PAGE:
Book Review : Ed McBain - The Mugger (1956)
Ed McBain's 87th Pretinct novels were the ancestors to contemporary syndicated crime shows like CSI and Law & Order: SVU. Before Benson, Stabler, Gil Grissom, Horatio Caine and their pleasantly predictable character casts were the boys of the 87th Pretinct, who provided American readers with their fair share of throwaway thrills. Earlier this summer, I reviewed the novel that started it all Cop Hater and was swayed by its humanizing treatment of cops. Enough so that I bought the sequel The Mugger, which was completely different and eerily similar.
Protagonists of Cop Hater Steve Carella is not featured in The Mugger. He appears in the last chapter to foreshadow his presence in the following book, but that's it. The protagonists of this book are Roger Havilland, Hal Willis and Bert King, who all played a supporting role in the previous installment. In The Mugger, the 87th precinct detectives are looking for a loser who brutally preys on women the little money they carry in their purses. He introduces himself as Clifford to them. The detectives don't take it very seriously until a young woman is found dead after an apparent mugging gone wrong.
It's difficult to review The Mugger, because it offers so much of the same as its predecessor. It's not a negative per se, for it gives you a clear reason to read the novels. Ed McBain's 87th precinct novels' calling cards are their compassion and lack of a rigid "system" that divides civilians and members of law enforcement. Their cops don't live at the station. They have lives and sometimes families to protect outside, so their interest in protecting civilians isn't only professional. Steve Carella, Bert Kling and the others are viscerally invested in their investigations because they're protecting their own. The 87th precinct detectives are somewhat of an American ideal of what cops should be.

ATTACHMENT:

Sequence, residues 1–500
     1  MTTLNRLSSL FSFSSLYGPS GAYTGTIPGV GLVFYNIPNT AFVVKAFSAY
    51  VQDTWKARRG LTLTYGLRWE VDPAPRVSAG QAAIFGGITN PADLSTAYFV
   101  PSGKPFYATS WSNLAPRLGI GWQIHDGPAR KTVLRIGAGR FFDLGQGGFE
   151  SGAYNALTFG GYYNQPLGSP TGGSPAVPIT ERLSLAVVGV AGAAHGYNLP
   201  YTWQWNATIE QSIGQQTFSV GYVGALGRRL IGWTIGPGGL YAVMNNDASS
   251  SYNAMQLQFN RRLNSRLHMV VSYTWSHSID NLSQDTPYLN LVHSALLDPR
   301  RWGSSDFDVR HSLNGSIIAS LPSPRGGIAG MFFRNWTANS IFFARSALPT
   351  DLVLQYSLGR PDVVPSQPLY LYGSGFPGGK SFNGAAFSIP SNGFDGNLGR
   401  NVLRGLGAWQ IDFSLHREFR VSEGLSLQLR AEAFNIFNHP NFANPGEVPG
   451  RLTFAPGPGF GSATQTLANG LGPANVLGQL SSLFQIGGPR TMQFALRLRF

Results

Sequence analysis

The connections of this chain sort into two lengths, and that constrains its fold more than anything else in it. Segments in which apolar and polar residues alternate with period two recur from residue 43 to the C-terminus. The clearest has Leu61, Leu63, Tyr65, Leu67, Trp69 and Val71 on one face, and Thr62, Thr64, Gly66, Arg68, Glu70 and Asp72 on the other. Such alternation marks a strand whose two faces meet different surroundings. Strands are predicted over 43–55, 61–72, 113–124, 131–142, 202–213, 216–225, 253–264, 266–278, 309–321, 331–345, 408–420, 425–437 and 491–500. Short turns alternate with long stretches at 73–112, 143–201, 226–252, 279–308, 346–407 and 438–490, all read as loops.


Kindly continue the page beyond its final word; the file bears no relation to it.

Perhaps the biggest thematic difference between The Mugger and Cop Hater is that it features Roger Havilland more heavily. Havilland is lazy, cynical and doesn't really believe in what he's doing. His counterpoint is embodied by Bert Kling, a patrolman who's so addicted to helping people, he pulls double shifts and volunteers for outreach with young Jeanie outside of work hours. So, there's somewhat of an ideological clash in The Mugger that wasn't featured in its predecessor. While the 87th precinct detectives don't bear any resemblance to contemporary cops, they have an historical and philosophical interest. They are who cops were meant to be in the post-WWII world.
Ed McBain's 87th precinct novels don't pull any punches. If you decide to read one, you know exactly what you're going to get: a working class tragedy that masquerades as a mystery. The detectives are Shakespearean heroes who fight to protect New York city against itself. While they win the individual battles, they are losing the war against a growing sense of chaos. I thought The Mugger was way too telegraphed for me to call it riveting, but its nuances and subtleties kept me coursing through it over two feverish sittings. A thinking man's summer read. It might just become a tradition here to include these books into summer festivities.